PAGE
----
On a recent walk along a trail north of Boise, Idaho near dusk, photographer Glenn Oakley stopped and pointed.
“Oh, over there. See that owl?”
A great horned owl was flying out over one of the hills.
Oakley has been a freelance photographer for decades, working with publications like Smithsonian magazine, Life and The New York Times. He’s loved getting out and seeing beautiful landscapes.
“It kept me out of a cubicle,” he said. “That was very important.”
He’s 64 now, and says things have changed since he started in college: from film to digital, from well-paying magazines to low-paying online websites. And to dealing with the new kid on the block—the smartphone. Those changes are steadily eating into freelancers’ incomes.
“$1,500 a day would be kind of a ... plus expenses, that was kind of normal,” he said. “I think that’s a lot harder to get now.”
He’s now up against people who may get a decent photo with their phone and then give it away for free to sites like Flickr or post it on an increasing number of photo-buying apps such as Foap or Snapwire.
Oakley has largely moved onto video because he said that’s where the work is. Digital technology has opened up the world of photography to more people, and he said that’s a good thing, but he sees smartphones as getting between people and their experience of the outdoors.
“Especially if the photograph doesn’t add anything to the world because it’s been shot a million times, maybe just put the camera down and take a breath and see what it looks like with your eyes,” he said.
Missoula, Montana-based photographer Annie Koch agrees that phones and social media can be distracting and stressful, but she relies on them, too.
“Everything is on Instagram,” she said, “and if you're a photographer, that's the best way to get recognized and to be seen is to have a really cohesive, nice-looking Instagram page.”
She says the sheer number of Mountain West nature photographers can be daunting. It’s hard to stand out and be unique, while being absolutely confident that your stuff is worth seeing above all the others.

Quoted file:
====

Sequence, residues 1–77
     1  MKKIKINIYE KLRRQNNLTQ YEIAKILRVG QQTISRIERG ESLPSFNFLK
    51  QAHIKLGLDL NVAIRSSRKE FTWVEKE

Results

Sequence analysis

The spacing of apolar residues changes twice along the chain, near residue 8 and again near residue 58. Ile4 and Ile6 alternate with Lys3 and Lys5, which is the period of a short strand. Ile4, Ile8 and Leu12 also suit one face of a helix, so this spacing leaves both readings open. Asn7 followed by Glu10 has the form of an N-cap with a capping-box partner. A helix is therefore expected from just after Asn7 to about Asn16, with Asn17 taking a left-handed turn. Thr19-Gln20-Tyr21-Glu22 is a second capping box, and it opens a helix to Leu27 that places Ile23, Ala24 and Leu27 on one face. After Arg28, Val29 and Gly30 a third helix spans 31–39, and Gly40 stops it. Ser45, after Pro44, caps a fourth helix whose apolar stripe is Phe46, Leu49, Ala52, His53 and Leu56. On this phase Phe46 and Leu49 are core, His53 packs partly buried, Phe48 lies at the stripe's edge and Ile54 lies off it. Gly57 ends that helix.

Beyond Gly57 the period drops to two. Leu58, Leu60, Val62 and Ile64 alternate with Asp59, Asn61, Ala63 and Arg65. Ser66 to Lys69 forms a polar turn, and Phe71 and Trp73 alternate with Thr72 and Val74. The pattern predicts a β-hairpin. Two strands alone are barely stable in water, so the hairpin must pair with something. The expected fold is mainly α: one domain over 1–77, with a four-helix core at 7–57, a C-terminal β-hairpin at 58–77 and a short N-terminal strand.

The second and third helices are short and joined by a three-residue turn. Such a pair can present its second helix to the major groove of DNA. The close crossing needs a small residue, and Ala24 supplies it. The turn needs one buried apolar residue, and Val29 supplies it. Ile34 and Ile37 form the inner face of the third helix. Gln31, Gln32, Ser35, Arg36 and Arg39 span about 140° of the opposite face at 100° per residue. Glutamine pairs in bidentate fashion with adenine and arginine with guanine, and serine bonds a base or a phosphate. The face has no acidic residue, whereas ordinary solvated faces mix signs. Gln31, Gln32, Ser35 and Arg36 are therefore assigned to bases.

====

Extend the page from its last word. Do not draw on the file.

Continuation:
“I think the hardest part is overcoming that self doubt, and the pressures that come with social media right now,” she said.
But Koch says there’s a distinction between amateur photographers and professionals: one takes photos to capture the moment while the other uses photos as a medium for art. And art generally has something to say. And Koch does have a message.
“I really want to be able to show women in a more realistic way in the outdoors so that women can feel more included and empowered,” she said.
That’s especially important to her she says as a female nature photographer in a male-dominated field.
Across the country, Janet L. Pritchard is a photography and art professor at the University of Connecticut. She says she fell in love with photography in the Mountain West, and like Annie, believes a true professional artist doesn’t just capture a beautiful moment, they make people feel something or see something in a new way.
“And oftentimes those people are photographing things that are less mythic, less ideal, less beautiful, sometimes even very difficult to look at,” Pritchard said.
Of course, someone could create this type of photographic art on a smartphone too. In fact, Pritchard now teaches a course on cellphone photography.
That’s something the famous landscape photographer Ansel Adams would have probably applauded. He predicted and welcomed the idea of digital technology in this medium. Adams died in 1984, but he said this on a BBC program the year before his death:
“The thing that excites me is within not too many years we’re going to have an entirely new medium of expression with electronic image ... and I know the potential is there, I know it’s going to be wonderful.”
This story was produced by the Mountain West News Bureau, a collaboration between Wyoming Public Media, Boise State Public Radio in Idaho, KUER in Salt Lake City, KUNR in Nevada, the O’Connor Center for the Rocky Mountain West in Montana, and KRCC and KUNC in Colorado.